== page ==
Dr. Roger Webb weaves a fascinating tale of how he went from university professor to businessman. Growing up, he touched a lot of bases along the way to arrive at his chosen career.
Not quite sure of what he wanted to be when he grew up, Webb sought his father’s input. His father was a paper salesman, so he suggested that Roger go into forestry, because it is from trees that we get paper. Webb attended the College of William & Mary in Williamsburg, Virginia, which did not offer a forestry curriculum. In 1972, he received an A.B. degree in psychology with a major in biology. Upon graduation, he set out to look for a job.
He took an aptitude test in computer programming and was hired by the Bank of Virginia. However, before he could get into programming they insisted that he had to ‘learn’ the other end of the computer. He ended up being a clerk. In six months he was made head of computer operations (day shift). Now that he was an expert at his job, they didn’t want to let him go into programming, even though they had assured him of the job. He kept working in the clerical end and 18 months later, he was still in that same department. They finally offered him the programming position for the night shift, since that was where the major computer input was done and he was to head up that department. Working at night was the last thing Webb wanted to do so, in 1974 he left the bank and entered Duke University where he got a master of forestry degree and set his sights on a career in forestry management.
After graduation from Duke, he attended Virginia Tech and worked with Dr. John Skelly, professor of forest pathology, working various jobs part-time to scrape up enough money to continue.
He finally graduated in March 1980 with a PhD degree in plant pathology. Webb immediately accepted a position at the University of Florida as assistant professor of forest pathology. In 1981 he met and married Patricia, a post-doctoral student studying fruit crops. Patricia decided she needed a career change, so at the age of 39 she entered dental school. Today she has an excellent practice in Gainesville, Florida. An interesting aside, the Webbs have five children, Michael 28, twins Lauren and Austin, 25, Chandler 23 and Jordan 21.
All the sons, with the exception of Chandler, are enrolled in dental school. Their daughter Lauren works in healthcare and wants to be a physician’s assistant. Chandler will shortly enter the family business. While working at the university, the U.S. Forest Service asked Webb if he would go to Guatemala to participate in a three-year project investigating control of cone rust disease of tropical pines. This was followed by an invitation by the U.S. Agency for International Development to go to Haiti to participate in agro-forestry and soil stabilization projects.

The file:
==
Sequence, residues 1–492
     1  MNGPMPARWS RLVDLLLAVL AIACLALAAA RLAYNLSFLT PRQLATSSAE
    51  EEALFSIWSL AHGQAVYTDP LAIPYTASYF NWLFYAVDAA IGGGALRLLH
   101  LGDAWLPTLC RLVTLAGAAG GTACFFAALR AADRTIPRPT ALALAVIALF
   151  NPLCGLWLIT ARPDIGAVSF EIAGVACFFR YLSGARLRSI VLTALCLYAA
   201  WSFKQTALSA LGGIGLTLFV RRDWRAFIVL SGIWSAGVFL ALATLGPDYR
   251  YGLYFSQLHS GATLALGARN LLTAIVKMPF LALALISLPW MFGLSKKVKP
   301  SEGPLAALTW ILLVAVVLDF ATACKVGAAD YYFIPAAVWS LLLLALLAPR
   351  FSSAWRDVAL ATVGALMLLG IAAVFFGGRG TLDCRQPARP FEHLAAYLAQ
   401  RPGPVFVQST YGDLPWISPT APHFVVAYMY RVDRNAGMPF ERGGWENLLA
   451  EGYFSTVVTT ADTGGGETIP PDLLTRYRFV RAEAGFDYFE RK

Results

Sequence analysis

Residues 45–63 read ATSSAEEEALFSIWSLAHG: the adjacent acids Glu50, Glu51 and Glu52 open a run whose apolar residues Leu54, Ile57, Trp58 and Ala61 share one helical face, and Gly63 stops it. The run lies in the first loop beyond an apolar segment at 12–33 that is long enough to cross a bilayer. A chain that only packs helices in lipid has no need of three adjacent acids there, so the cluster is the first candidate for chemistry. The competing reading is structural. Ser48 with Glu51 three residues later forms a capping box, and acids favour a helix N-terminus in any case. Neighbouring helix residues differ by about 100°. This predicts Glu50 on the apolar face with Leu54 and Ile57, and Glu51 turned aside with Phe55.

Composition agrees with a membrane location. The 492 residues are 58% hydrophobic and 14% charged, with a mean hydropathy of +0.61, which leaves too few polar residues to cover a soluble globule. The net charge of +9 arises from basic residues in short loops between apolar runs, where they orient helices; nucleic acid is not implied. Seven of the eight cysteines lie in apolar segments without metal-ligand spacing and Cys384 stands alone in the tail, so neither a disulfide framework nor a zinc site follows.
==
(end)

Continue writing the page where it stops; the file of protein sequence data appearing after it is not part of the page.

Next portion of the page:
Over the next eight years, Webb worked in many locations in Haiti. Following his promotion to associate professor, he continued to work on chemical control strategies of important diseases and insects of southern pines. Dr. Webb also worked in other countries including Austria, China, Ecuador (Galapagos Islands) and Yugoslavia. From 1985 to 1990 Webb began to experiment with micro-injection. He was asked by Mauget to become part of its research team. While still a faculty member at the University, he designed a new micro-injection unit but did not think it was appropriate for him to market it since all intellectual property was owned by the University of Florida.
Once the University decided not to patent the device, the ownership rights were released to him. Webb sent it to Mauget for review. They also passed on it. Feeling that he had a viable product, Webb continued to pursue a way to market it.
He took the device to Dick Stedman, owner of Tree Injection Systems, Ltd, located in a suburb of Buffalo, New York. Stedman looked at the device, took it to a plastic injection molder and began to market the product. A big break came in 1990 when Ciba-Geigy produced a fungicide that would control Dutch elm disease and oak wilt. Refining the method to apply the material took a little time, and three years later Alamo was brought to the microinjection market. While this was going on, Tree Injection Systems was experiencing financial problems and the bank was ready to foreclose. “I felt it was my baby,” said Webb.
“I didn’t want to see it go away.” He decided to try to do it himself. He borrowed $250,000 plus a line of credit, and in April 1993, Dr. Webb took over the company and changed the name to Tree Tech Microinjection Systems. “Ciba gave me a corner in their warehouse in Memphis, Tennessee.
I hired an accountant to keep the records and began to produce Alamo in microinjection units for Ciba.” “When I decided to go into the business, I left the university,” said Webb.
He added pesticides and fertilizers to the company’s product line. Shortly thereafter Webb moved to rented facilities near Gainesville, Florida. “In 2000, we purchased some land outside Gainesville and built our own facilities.” Chandler has just recently joined the company and will take an active role in its future growth. With a family of soon-to-be dentists plus Patricia, his wife already in practice, Webb explained how full his life is. So what does this busy guy do for relaxation? He loves to analyze the stock market; he enjoys the technical analysis; sometimes he even invests.
To say Dr. Webb made his way from educator to businessman via a circuitous route is an understatement. He certainly can fall back on a variety of life experiences.